3) To promote the effective merchandising of sugar and its products in the domestic and foreign markets so that those engaged in the sugar industry will be placed on a basis of economic viability;
4) To undertake such relevant studies as may be needed in the formulation of policies and in the planning and implementation of action programs required in attaining the purposes and objectives set forth under Executive Order No. 18.
The first members of the Board of the Sugar Regulatory Administration for the term 1986 to 1989 were:
Atty. Arsenio B. Yulo, Jr. - Chairman
Mr. Carlos Ledesma - Member
Mr. Bibiano Sabino - Member
Immediately after assumption to office, these officials promulgated the following policy guidelines:
1) Sanctity of the quedan – No sugar shall be withdrawn from any warehouse without a quedan.
2) Free enterprise system – Any sugar producer can sell his/her sugar to anybody at any time subject only to government regulations.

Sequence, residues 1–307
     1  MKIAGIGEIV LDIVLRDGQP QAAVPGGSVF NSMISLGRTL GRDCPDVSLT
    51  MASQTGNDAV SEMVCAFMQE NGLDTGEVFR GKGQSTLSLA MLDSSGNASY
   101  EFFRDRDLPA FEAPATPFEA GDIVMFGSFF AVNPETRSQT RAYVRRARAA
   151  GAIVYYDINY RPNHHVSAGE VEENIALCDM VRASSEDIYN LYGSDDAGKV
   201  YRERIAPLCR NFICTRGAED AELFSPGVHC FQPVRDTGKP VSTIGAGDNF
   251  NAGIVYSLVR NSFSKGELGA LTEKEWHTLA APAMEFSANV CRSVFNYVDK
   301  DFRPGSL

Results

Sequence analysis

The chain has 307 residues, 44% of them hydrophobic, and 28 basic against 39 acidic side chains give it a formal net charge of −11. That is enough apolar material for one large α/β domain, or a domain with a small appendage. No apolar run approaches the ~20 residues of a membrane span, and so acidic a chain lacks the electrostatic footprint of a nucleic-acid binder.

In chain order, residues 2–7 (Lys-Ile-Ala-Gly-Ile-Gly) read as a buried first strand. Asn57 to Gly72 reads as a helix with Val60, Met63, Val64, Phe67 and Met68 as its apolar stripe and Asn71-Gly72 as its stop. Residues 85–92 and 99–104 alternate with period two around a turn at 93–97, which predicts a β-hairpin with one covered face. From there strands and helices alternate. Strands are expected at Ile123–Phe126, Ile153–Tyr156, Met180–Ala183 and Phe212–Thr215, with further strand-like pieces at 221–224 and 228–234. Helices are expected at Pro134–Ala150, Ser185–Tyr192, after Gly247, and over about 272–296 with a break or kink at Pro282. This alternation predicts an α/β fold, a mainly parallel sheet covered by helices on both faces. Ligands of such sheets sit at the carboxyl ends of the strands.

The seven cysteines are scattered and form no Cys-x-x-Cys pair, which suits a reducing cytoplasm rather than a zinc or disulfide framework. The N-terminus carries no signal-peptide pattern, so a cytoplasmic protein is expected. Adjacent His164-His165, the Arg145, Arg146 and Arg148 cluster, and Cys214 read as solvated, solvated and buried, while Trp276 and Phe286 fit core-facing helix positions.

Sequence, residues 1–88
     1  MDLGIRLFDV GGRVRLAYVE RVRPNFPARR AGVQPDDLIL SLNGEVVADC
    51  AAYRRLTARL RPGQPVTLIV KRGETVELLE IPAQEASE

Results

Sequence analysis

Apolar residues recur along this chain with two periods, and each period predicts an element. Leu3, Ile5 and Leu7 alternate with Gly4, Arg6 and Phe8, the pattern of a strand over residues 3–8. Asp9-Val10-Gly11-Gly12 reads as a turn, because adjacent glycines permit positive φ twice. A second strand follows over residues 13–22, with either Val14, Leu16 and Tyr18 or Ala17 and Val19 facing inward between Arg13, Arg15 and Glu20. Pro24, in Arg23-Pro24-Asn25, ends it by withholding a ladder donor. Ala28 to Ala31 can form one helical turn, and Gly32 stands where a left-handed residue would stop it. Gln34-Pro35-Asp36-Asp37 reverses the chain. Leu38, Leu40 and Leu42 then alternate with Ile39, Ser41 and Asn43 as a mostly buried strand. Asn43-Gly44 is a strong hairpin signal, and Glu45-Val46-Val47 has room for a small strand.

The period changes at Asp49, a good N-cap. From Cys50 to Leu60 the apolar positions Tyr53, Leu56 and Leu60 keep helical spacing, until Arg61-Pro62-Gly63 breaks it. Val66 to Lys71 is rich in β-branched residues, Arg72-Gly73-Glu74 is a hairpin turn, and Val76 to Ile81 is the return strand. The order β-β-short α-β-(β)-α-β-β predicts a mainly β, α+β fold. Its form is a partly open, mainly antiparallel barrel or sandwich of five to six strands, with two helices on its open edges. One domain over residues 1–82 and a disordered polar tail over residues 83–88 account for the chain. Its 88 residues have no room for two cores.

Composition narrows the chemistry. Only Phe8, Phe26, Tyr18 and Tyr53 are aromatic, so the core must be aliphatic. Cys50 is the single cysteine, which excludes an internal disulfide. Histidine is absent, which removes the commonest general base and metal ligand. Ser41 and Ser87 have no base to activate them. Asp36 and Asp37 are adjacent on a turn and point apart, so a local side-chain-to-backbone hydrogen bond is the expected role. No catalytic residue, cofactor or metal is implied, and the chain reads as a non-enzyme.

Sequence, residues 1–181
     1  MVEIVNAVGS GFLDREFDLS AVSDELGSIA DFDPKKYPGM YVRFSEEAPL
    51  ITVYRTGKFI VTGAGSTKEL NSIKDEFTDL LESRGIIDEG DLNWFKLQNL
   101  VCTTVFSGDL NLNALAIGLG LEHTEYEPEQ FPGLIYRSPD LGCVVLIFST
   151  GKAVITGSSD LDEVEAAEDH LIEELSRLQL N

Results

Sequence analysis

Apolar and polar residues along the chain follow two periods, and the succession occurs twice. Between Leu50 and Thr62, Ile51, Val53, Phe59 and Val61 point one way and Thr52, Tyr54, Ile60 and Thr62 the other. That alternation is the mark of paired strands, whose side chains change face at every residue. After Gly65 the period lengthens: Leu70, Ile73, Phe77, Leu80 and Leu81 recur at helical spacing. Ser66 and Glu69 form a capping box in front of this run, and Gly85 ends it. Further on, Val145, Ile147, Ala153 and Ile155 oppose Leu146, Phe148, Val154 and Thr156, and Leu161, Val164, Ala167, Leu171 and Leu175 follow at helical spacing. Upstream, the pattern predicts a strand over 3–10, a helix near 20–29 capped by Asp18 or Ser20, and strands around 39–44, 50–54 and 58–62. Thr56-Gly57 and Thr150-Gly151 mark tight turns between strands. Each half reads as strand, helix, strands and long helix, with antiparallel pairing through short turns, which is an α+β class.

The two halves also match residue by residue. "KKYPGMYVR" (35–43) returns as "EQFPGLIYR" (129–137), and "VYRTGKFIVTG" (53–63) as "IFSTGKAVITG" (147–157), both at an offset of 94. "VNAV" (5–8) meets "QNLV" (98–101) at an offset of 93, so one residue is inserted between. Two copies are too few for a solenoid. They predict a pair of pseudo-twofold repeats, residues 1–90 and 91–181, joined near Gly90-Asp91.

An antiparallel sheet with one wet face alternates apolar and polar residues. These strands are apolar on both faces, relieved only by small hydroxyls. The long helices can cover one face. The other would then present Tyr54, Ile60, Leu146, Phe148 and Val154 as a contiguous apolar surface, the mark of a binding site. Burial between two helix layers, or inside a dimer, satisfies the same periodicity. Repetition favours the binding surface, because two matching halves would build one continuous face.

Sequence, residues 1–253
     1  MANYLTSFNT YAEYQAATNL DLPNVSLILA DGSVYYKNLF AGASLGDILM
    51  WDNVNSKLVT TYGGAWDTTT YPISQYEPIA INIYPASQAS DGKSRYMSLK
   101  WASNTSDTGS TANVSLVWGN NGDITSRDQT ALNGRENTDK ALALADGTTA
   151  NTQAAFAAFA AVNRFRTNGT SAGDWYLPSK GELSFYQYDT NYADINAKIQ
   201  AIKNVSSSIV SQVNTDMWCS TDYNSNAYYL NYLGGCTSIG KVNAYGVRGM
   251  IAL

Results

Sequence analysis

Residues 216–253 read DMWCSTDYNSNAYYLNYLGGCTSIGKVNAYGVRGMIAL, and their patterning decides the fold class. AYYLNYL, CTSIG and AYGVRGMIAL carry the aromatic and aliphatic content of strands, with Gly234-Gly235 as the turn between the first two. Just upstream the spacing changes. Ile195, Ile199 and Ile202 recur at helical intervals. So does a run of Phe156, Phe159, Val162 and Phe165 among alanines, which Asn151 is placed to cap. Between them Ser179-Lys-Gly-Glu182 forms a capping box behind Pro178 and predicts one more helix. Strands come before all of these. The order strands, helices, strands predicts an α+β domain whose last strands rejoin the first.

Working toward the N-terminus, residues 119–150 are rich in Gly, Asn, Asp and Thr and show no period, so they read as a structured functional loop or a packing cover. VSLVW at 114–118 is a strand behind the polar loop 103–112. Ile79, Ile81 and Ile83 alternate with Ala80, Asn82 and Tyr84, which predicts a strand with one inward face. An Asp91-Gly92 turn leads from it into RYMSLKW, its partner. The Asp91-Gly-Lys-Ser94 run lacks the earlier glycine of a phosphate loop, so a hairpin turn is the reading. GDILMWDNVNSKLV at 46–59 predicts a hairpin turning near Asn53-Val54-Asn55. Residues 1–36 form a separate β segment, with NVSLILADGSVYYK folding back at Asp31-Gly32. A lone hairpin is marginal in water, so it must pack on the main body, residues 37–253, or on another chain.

3) Quota allocation – Production quotas attached to the land shall be assigned on the basis of national target production.
4) Research and development – Efforts towards research and delivery of extension services shall be revitalized. The utilization of sugar and sugar by-products shall be given more emphasis.
5) Social concerns – The alleviation of the living conditions of producers and sugarcane workers in their respective communities shall be the concern of SRA.
6) Rationalization of production capabilities – Efficient utilization of mills with respect to their milling capacities shall be critically evaluated.
7) Enhancement of domestic market – Efforts towards increasing local market demand is envisaged through the establishment of a more efficient sugar distribution network, campaign for more direct uses of sugar, massive information dissemination on the use of sugar and a more effective transport system.